Liberals form another minority government

Composition of the House of Commons largely the same

The costly pandemic election ended the same way it began with the Liberals forming another minority government.

While it’s still early, the composition of the House of Commons may not be what Liberal Leader Justin Trudeau had hoped for when he called the snap election.

The Liberals had held 157 seats coming into the 44th general election and currently have one more seat (158).

The Conservatives (119) and Bloc Québécois (34), while the NDP is at 25 seats. The Green Party won two seats. The Peoples Party of Canada failed to win a seat.

As he addressed supporters early Tuesday morning after holding onto his role as prime minister, Justin Trudeau said Canada elected a government in Ottawa “that will fight for Canadians.”

“This election has confirmed that our democracy and our institutions remain strong,” said Trudeau. “The moments we face demand real, important change.”

Trudeau had 31.8 per cent of the popular vote, losing the popularity contest to the conservatives – who took 34 per cent of the vote share.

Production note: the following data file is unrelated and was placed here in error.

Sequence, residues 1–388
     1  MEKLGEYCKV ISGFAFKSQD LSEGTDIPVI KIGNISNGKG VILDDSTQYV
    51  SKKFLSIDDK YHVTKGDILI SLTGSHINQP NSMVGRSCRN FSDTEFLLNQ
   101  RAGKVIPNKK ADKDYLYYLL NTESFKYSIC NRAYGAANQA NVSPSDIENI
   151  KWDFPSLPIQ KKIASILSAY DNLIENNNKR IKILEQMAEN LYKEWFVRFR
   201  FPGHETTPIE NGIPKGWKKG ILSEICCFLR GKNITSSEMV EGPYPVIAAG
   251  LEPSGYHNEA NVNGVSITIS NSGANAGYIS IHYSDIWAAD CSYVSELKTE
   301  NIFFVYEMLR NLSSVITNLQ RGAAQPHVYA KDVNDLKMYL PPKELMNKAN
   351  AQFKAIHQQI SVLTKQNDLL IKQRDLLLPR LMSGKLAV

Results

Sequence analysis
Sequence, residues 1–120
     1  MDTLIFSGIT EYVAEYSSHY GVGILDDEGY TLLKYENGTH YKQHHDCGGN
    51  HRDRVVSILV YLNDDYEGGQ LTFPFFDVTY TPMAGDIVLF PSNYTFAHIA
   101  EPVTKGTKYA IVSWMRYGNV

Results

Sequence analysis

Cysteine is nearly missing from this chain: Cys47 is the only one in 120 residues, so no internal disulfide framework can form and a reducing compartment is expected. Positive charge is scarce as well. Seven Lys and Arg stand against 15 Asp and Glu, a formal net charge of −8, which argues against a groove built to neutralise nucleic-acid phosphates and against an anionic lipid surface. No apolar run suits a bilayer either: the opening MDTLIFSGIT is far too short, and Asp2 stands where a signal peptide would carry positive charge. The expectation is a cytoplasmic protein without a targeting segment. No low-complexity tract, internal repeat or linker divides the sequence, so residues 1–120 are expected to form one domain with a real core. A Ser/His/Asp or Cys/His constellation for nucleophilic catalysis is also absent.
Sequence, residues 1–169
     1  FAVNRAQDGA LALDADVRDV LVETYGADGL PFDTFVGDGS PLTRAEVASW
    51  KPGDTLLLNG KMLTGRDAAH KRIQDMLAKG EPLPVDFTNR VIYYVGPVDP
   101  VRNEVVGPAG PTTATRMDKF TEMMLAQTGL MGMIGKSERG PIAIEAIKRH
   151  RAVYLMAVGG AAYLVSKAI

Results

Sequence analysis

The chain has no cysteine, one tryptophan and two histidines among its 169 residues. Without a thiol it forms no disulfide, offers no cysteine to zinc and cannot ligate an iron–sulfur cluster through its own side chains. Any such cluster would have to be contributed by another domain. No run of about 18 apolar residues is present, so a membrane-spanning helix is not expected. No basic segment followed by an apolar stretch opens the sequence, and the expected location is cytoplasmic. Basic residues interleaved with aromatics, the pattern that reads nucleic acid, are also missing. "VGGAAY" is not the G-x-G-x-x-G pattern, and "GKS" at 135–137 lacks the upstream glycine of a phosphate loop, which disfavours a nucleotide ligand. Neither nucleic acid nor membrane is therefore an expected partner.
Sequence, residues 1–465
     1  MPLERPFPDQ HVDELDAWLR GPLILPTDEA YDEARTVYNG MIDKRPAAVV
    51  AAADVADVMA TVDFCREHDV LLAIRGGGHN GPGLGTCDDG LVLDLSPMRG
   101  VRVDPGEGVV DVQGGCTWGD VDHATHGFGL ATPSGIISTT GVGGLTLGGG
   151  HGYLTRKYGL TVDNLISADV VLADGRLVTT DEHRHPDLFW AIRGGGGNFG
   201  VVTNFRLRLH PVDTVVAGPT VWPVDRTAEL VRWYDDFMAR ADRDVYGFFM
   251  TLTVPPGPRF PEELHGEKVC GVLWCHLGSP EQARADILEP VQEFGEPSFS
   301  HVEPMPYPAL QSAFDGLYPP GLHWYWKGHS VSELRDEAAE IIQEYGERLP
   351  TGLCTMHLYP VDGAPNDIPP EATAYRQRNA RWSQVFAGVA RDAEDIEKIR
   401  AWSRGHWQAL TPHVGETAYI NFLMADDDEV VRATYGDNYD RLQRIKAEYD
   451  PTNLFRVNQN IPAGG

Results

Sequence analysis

“I heard you … you don’t want us talking about elections anymore,” Trudeau added.

That last remark came on the heels of Conservative Leader Erin O’Toole’s speech.

That speech, which sounded more like an election campaign than conceding an election, repeatedly warned that the Liberals would call another election in 18 months’ time.

O’Toole also criticized Trudeau for calling this election, saying the campaign deepened political divisions among Canadians during the 4th wave of the Covid-19 pandemic.

Related: Here’s what happened locally…

NDP Leader Jagmeet Singh spoke about fighting for affordable housing while working to tax the uber-rich.

“We will fight for all Canadians, so together we will all rise,” said Singh.

The NDP have 17.6 per cent of the vote share.

The People’s Party of Canada (PPC) appears to have more than tripled its support since 2019, with over 5 per cent of the popular vote.

The Greens have 2 seats and 2.2 per cent of the popular vote.

The most expensive election in Canada’s history, an election that nobody seemed to want, ends with the Trudeau Liberals yet again relying on the NDP to pass legislation.

more to come….

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